Wildwood's mibstersThumbs upThe National Marbles Tournament will hold its 90th competition in Wildwood from June 17-20. And for the first time in more than a decade, local students will participate in the competition.
Since February, 21 students in the Wildwood School District's after-school program have been developing their skills under the guidance of high school physical-education teacher Betty Harshaw of Wildwood. She competed in the tournament representing Greater Philadelphia when she was 9. Her students are now competing to see which boy and girl will represent their school, and the city, at Ringer Stadium in June.
The tournament has been a summer event in Wildwood since 1960 and has just the kind of wholesome family image the shore town likes to project. But for some reason, local children have not been included in that enthusiasm. And that's a shame.
Granted, shooting marbles may seem a little old-fashioned, but look at the advantages. They don't require batteries. You can buy a starter pack for just a few dollars and play on just about any hard, flat surface. You don't need special shoes or equipment.
In an era when parents can spend hundreds of dollars for sports equipment, a $5 bag of marbles offers competitive equality.
For about a decade, the Cape May County Special Services School sponsored a team, but they stopped participating in 2001. In the summer of 2011, Wildwood tourism official John Lynch began working with the Glenwood Avenue School to revive marbles on the local level.
It may be just a kids' game, but shooting marbles requires patience, concentration and strategy. It's one more way to get kids up off the couch, and it offers a chance to use those opposable thumbs for something other than texting. In Wildwood, it also offers the opportunity to compete at a national level and possibly win a cash prize without even having to leave town. And you couldn't ask for a better practice site than Ringer Stadium.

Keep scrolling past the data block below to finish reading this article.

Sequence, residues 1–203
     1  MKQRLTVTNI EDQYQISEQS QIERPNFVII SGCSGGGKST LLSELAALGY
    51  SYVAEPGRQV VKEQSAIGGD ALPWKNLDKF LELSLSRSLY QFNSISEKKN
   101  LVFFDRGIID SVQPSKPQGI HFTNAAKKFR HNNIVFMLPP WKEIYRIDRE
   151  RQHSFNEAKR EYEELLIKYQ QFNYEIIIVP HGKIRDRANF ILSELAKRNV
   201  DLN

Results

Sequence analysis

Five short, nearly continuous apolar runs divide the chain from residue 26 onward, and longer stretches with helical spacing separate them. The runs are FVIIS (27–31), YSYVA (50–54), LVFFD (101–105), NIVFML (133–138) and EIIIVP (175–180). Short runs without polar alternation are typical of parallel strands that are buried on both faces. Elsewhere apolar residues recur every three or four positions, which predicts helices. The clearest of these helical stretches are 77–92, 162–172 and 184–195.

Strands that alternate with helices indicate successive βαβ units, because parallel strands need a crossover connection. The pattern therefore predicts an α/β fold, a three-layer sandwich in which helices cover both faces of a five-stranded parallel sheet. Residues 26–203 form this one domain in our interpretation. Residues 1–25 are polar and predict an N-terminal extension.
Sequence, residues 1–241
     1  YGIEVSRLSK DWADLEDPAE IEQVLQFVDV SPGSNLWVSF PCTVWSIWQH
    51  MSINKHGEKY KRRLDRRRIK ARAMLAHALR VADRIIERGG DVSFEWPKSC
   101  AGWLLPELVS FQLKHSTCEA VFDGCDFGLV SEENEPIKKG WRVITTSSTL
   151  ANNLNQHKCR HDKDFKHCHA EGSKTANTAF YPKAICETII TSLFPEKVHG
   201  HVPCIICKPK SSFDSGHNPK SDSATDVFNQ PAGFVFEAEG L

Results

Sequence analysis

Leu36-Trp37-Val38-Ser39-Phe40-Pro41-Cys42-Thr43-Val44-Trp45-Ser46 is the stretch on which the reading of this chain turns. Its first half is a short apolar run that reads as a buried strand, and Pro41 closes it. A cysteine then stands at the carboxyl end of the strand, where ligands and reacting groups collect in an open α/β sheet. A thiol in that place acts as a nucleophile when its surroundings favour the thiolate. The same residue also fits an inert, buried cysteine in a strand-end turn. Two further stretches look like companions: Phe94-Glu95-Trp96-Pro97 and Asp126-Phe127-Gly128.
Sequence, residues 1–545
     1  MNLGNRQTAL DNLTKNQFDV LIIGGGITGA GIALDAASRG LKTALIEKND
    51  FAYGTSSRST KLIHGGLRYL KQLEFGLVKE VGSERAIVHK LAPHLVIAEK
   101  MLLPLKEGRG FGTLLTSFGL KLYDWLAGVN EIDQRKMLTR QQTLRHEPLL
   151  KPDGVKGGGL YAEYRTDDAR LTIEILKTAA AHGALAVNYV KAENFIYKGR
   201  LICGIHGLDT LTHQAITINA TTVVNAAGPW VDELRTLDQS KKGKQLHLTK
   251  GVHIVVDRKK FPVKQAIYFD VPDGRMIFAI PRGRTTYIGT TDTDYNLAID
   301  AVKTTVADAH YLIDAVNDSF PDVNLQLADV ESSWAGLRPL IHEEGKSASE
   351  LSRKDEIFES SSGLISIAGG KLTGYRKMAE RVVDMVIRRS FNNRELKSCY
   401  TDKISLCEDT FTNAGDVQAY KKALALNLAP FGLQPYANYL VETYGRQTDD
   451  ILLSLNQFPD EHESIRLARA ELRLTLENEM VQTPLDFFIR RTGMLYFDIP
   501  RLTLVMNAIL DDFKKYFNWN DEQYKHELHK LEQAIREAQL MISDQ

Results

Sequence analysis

It would be great to see more area schools and youth groups pick up on this idea. There was a time when marbles were very popular. In a 2011 story in The Press, former state Sen. James Cafiero, then 82, recalled winning the Wildwoods marbles tournament in 1941 when all of the Five Mile Beach schools had marbles players go on to a county competition. Why not have local competitions again?
No New Jersey mibster has ever been crowned king or queen of the marbles. Most winners have come from Pennsylvania, Maryland, Tennessee and West Virginia. A few have come all the way from Colorado. Some years, no one from New Jersey even competes. That's just not right. So we applaud Wildwood for taking up the challenge. We wish the players luck this year and, we hope, for many years to come.